Q: So where did your White House Fellowship come in here? Was it right here at the conclusion of your Harvard time?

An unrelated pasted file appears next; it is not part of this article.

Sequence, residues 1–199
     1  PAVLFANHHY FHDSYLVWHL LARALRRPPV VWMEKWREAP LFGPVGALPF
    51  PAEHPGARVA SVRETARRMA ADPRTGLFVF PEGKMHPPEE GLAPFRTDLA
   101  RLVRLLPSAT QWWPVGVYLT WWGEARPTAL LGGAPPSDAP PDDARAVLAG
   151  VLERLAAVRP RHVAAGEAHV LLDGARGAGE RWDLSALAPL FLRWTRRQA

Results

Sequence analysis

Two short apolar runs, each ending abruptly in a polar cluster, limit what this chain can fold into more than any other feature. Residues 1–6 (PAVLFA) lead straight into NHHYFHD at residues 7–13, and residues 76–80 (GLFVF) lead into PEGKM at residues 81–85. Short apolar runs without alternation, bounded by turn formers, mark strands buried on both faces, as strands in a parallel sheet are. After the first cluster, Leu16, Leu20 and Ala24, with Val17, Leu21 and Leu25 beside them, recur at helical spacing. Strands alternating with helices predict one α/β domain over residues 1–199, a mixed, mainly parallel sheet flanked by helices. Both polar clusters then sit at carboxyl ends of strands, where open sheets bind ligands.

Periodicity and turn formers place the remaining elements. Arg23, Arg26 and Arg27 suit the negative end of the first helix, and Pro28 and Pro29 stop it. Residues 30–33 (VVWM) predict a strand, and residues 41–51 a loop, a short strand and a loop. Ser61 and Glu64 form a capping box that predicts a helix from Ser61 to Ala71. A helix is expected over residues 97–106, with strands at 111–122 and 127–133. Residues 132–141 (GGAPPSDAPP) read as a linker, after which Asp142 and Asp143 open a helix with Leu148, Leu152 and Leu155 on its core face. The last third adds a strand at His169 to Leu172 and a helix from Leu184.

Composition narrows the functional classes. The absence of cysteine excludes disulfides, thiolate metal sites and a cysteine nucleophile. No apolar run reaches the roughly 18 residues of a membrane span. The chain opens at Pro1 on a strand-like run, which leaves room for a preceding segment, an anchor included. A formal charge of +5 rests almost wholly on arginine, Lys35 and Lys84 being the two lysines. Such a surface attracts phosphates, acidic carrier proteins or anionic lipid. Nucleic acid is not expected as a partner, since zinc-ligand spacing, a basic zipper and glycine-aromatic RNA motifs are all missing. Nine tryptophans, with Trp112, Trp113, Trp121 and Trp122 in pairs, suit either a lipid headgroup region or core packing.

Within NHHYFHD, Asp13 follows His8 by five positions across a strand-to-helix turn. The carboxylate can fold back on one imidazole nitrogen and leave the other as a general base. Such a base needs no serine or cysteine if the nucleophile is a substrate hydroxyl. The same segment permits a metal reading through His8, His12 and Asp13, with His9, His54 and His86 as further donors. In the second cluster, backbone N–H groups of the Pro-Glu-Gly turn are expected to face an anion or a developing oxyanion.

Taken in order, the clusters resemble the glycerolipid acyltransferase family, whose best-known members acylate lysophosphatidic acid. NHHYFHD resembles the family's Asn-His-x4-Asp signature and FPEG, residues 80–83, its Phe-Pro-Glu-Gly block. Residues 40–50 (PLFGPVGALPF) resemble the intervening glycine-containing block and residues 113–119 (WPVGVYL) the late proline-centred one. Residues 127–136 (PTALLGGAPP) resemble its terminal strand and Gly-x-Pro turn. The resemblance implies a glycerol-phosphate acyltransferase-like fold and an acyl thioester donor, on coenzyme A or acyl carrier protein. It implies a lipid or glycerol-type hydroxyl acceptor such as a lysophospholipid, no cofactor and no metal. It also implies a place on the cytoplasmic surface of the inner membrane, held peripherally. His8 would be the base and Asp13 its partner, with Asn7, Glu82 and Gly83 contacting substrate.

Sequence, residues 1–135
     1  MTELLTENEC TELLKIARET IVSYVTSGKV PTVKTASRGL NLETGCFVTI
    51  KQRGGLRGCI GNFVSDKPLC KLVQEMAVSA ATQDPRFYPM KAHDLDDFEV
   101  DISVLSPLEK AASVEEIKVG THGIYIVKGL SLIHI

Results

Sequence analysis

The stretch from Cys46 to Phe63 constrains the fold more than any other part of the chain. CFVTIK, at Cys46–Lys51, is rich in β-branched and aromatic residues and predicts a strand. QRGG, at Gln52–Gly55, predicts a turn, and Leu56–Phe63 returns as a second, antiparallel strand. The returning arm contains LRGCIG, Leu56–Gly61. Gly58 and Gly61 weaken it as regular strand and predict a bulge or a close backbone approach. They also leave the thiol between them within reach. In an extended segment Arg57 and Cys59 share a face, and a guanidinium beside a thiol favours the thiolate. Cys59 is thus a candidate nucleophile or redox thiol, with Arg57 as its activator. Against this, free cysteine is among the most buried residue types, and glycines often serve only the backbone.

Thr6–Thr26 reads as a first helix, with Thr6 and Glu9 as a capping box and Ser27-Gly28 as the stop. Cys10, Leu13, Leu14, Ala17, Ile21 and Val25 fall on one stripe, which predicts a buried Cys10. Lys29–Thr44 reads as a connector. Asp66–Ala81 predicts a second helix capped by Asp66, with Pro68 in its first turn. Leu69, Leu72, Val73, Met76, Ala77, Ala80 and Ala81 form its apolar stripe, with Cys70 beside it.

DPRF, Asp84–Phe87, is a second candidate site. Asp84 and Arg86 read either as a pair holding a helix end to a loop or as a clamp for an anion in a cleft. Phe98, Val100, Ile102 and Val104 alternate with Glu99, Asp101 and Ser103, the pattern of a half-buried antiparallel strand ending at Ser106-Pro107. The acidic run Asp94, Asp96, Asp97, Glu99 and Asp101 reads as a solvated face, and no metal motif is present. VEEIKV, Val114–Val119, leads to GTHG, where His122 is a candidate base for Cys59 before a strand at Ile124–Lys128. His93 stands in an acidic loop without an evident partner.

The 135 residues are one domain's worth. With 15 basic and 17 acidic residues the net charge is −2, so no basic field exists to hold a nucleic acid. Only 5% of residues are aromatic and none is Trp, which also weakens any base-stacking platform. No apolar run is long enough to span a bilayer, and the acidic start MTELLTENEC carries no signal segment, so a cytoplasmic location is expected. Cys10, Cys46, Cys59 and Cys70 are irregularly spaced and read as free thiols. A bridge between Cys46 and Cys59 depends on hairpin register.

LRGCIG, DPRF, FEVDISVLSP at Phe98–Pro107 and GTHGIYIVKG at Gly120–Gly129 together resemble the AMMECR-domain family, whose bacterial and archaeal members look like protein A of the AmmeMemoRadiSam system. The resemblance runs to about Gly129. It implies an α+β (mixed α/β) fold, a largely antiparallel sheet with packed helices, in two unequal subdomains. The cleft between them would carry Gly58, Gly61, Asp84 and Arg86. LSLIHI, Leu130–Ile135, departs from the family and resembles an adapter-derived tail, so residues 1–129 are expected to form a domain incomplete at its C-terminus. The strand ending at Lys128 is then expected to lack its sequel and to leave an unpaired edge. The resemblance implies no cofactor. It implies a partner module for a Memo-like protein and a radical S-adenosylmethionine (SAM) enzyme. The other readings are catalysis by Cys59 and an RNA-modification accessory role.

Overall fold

TJ: I mentioned earlier Edwina didn't like Macon. A woman friend of hers brought to her attention this, White House Fellows program...her husband...her name was Carol Wyman and her husband, Bill Wyman, was going to apply for the White House Fellows program, just showed it to her. It was just a short three paragraph program on how President Johnson, who announced the creation of a fellowship program that would bring to Washington for one year outstanding young men and women, who could come there, learn about government and then go back to their professions. Edwina said, "You should apply for this." I looked at it, I talked with Bill. She was really pushing me without saying one of her motivations was not going back to Macon, truthfully. I applied, came through a regional panel in Atlanta with people on that like Mills B. Lane and Ivan Allen and Richard Rich and Boisfeuillet Jones, just a tremendous group. Once again, I was recommended, there were several thousand people who had applied, several hundred went to regional panels--Boston, Washington, New York, Atlanta, L.A., San Francisco--I was not their first choice. It's a regional panel. I was not their second choice. On their list, I learned this from Peyton, I was the third person out of their group to be recommended to the national panel. The national panel then headed by David Rockefeller and had John Oakes, the editor for the New York Times on it. I thought about it. Here, I was not first or second choice in the ninth grade for the Macon paper, and I was not the first or second choice, but I was the only one to win the White House Fellowship of all the candidates of the southeastern United States including Texas. So I say to people, don't worry about being the third nominee for something. Just give it your best! Just give it your best, so I applied for the White House Fellows program, walked into the White House in late August of 1965, was taken in to meet Bill Moyers who had picked me of the fifteen to work with him. Bill, age 31, White House Press Secretary, he said, "Tom, delighted to have you here. I want to you to meet some people here..." now again, I am right off the streets of Macon, Georgia. I'd just finished the summer at The Telegraph and so we walked down the hall and we walk into this room and there is this large imposing President of the United States. I'm serious. I parked my car on the west executive avenue. I was cleared through Secret Service. Met by Bill's secretary, Carol Welch, taken up to Bill's office where we met. Hadn't met him before. Had no political background. No power. No whatever...he said, "I'd like you to meet some of the people around here." He walked me in to meet the President of the United States. I'm 23 years old. I’ll also will never forget what President Johnson said to me. He said, "Tom, we don't have much experience with interns here in the White House, so we are just going to treat you like a full-time member of the staff." From that moment on, I was treated like a full-time member of the staff, to such a point that I sometimes had to miss some of the educational programs that the White House Fellows had. I should also tell you that during my fellowship year, they just gave me opportunities to travel with the President on Air Force One to work with the White House Press Corps, to write press releases, to work with the photographers..White House photographers...out of that, I'll never forget, what Helen Thomas told me. She said, "I've got one suggestion. Tell the truth. If you tell the truth, you'll do just right." It was almost like Sam Glassman telling me, "Get it right." Those little nuggets you never forget. I'll also never forget that I wanted to take my class of White House Fellows to my home state of Georgia. We had a tour arranged where the Fellows would have a chance to go to the space center in Alabama. We visited several other places, but I was so proud that my group was going to go with me and I'd have a chance to introduce them to some of my friends in Atlanta. There was this secretary who worked with me and I said, "Find a place for us to meet." Again, 1965. So she made some calls. You can imagine, when they say, "The White House is calling. You can get through to anybody. She came in and she said, "Tom, this is a really interesting situation about Atlanta. I can only find one place that will permit you to have your meeting." I said, "That's really odd." She said, "Yes, I told them that the group included Army Major Ronald B. Lee, combat veteran of Vietnam"...Black. The only club in Atlanta in 1965 that would permit me to have a luncheon with a Black White House Fellow was the Commerce Club. It is the only club to which I belong today. I will never forget that. The Commerce Club had also been a pioneering club in the admission of Jews, the admission of Blacks. They are doing a 50th anniversary of the Commerce Club, and I've just told that story. I even have a memo about that...1965 and how the world has changed. The White House Fellows program opened up the world for me like nothing else. It enabled me to meet people all over the world, to travel the world, to become friends with people at all kind of levels and among my best friends were the Secret Service agents. I got to be really close to the Secret Service agents, because we were all out advancing trips. We always said that President Johnson was an equal opportunity abuser...he would give us all hell. If he needed a rock picked up in front on the ramp in front of the car, you had either the Secret Service guys or me to go pick up the rock and get it out of the path. One of the Secret Service agents was from Macon, Georgia. Rufus Youngblood. He was the agent who threw himself on top of President Johnson in Dallas after the shots were heard a few cars ahead. He threw this large Vice President of the United States to the floor of the car and jumped on top of him. Not knowing what was happening to act, but in any case, I developed this lifetime respect for these guys. Why? First of all, almost all of them college educated, in great health, men of integrity and honesty, but everyone of them is prepared to step in front of the bullet--to take the bullet. If you think about that, how many people have jobs where every morning they walk out the door and their wives or their families know that their husbands or fathers have been trained to take the bullet just like that agent did who tried to protect President Reagan out front of the hotel in Washington a few years ago. I am one of the few honorary members, really few honorary members of the Association of Retired Secret Service. That's the kind of friendships you make. They say, well, you become friends with Mrs. Johnson and President Johnson and Dean Rusk. You get to know Dick Helms of the CIA and all. But the real people were people like that.